Quite a bit of that weight increase is down to component spec. Several factors are at play there. One is ofc. an emphasis on toughness over lightness, to keep warranty claims down. 

But there is also a slew of heavy "house brand" parts  showing up on very expensive builds nowadays. 

Not to forget that brands like to sneak in pig iron parts like NX cassettes on multi thousand dollar bikes. And then there is stuff like Transmission, which is high end but a total boat anchor in all of it's incarnations.

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retrokona
+8 taprider Andy Eunson Todd Hellinga shenzhe Pete Roggeman Curveball Timer Timinger

I came for the Mean Girls reference, stayed for the brilliant reimagining of the Wu-Tang acronym and now I’m reading words like assuage in the comments section. That’s why I keep coming back to this site!

Re: context rules everything around me I think you absolutely nailed it. When I still pretended I could race CX I favoured a bike with old school, Euro style geometry (High BB, steep HTA etc.). Folks would ask “isn’t that really twitchy?” I just saw it as responsive. Similarly, when folks complain about how poorly a 180mm travel bike with a slack HTA might climb, one has to ask “is that what it’s really made for though? Do you get mad at your toaster for not frying eggs well?”

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lacykemp
+8 Lynx . Cr4w Gage Wright Curveball Kristian Øvrum Timer AJ Barlas Pete Roggeman

So just for fun I typed Geometron and Nimble into my Google search query.

Second thing that popped up took me here: "The G1 is fun, efficient, comfortable, exciting, relaxing, grippy, nimble, planted, capable, reassuring, predictable and pretty much amazing. And most significantly, unique. Mainstream mountain bikes are going to be sooo good in 2032. You’re essentially paying for a time machine here."

Sigh.

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Lynx
0

Bahahahahahaha that is so damn funny, especially after a previous comment was posted.

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cam@nsmb.com
+1 Bryce Borlick

That is unbelievable. Like Google is pulling April Fool’s on you! And yet so perfect. 

Also, is nimble preferable to lively? Asking for a bike reviewer I know, who might have used “spritely” recently.

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g-42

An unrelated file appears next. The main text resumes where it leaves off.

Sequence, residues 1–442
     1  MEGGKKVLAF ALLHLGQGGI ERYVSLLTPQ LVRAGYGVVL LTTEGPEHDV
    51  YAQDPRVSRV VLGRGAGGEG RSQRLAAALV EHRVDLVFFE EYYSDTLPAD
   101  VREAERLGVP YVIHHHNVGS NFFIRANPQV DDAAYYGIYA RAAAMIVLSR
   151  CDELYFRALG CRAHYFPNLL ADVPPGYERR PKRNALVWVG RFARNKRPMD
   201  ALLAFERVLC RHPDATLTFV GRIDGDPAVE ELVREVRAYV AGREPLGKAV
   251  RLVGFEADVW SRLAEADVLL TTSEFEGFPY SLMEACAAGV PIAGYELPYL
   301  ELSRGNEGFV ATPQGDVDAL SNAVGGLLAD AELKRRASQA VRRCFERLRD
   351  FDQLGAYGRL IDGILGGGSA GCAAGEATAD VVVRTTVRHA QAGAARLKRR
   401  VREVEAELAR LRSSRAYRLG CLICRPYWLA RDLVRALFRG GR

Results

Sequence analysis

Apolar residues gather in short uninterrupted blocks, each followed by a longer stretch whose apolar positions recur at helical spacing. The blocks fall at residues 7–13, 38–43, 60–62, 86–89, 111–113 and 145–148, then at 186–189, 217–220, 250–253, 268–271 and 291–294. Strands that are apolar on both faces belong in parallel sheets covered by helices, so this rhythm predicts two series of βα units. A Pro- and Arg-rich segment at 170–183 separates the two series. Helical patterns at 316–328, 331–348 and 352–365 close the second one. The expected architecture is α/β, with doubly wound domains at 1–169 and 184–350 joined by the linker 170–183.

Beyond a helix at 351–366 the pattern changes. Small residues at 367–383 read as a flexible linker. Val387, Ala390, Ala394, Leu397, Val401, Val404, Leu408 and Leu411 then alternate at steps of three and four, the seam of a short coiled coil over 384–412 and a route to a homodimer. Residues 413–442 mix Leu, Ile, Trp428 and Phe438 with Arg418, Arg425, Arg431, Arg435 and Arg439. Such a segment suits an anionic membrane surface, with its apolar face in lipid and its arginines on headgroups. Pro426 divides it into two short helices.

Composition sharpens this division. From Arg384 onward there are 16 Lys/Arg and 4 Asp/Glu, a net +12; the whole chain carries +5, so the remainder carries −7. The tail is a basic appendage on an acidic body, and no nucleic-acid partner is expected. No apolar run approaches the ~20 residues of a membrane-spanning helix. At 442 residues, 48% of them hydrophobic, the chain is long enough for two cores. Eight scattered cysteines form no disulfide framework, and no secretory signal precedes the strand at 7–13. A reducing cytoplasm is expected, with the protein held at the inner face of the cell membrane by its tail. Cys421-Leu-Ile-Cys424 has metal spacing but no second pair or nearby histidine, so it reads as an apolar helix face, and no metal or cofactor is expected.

+2 lennskii xtcphil

I think the key here is under what use case it's nimble - which speaks to your point of context being front and center. The Geometron was an early example of a prototypical enduro sled. For someone like me, at the speeds I ride, and with my middling skill set, that's an incredibly not nimble experience. For someone like my son, who goes mach chicken with solid technique and an age-appropriate lack of frontal lobe, a bike like that can be nimble. And then the question is, at those speeds, is it more or less nimble than its direct competitors.

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craw
0

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GuyKesTV
+2 lennskii xtcphil

Andreas, just this description alone makes me want to read any other bike reviews you ever write.  "age-appropriate lack of frontal lobe" is just stellar

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Kenny
+1 Mammal

That is amazing. It's both exciting and relaxing. 

It's almost like they're taking the piss. Literally contradictory adjectives all strung together.

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taprider
+2 Curveball Timer

did AI write that?

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Timer
0

My bike-review-buzzword-bingo chart just exploded.

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monsieurgage
+6 Geof Harries Andy Eunson mnihiser LWK Konrad lennskii

I'll leave it to the media types to endlessly debate the need for a lexicon of succinct but communicative and translatable words for sensations that may or mat not translate to the readership. Buuuut....

Maybe we can take some notes from the ski industry a la turn radius.  Take the classic shrinking cone drill for turning on a uniform but flat surface aka the parking lot.  Let's have a test where the reviewer(s) state their smallest turn radius and perceived effort to achieve it.  You can add this to the distance and effort to manual, height and effort to bunny hope etc. etc.

So we have the geo, we have a turn radius and usually we have a feeling in technical descents.  Plenty of information for the imaginative and demo lacking to contemplate.  Lacy, I feel yah, it's hard.  Readers are essentially asking for a reviewer to give us a statistical regression while journalling their feelings on a bike all in a 5 minute article to assuage modern attention spans.   Repetition may occur and is understandable given the ask.  

What do you think about using a boring old turn radius in lieu of "nimble"?

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lacykemp
+4 Geof Harries taprider lennskii xtcphil

I just love that you used "assuage." It's one of my favorite words.

I guess this is where the "nimble" convo can go- what IS nimble? According to my friend named Dictionary it's "quick and light in movement; moving with ease; agile; active; rapid," so, yes a turn radius test would be one important facet of this. But also poppiness? Throwability? Did I just make up a word? Damn me to Downcountry!

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monsieurgage
+6 Lynx . Kenny taprider LAT Dude@ jrouellet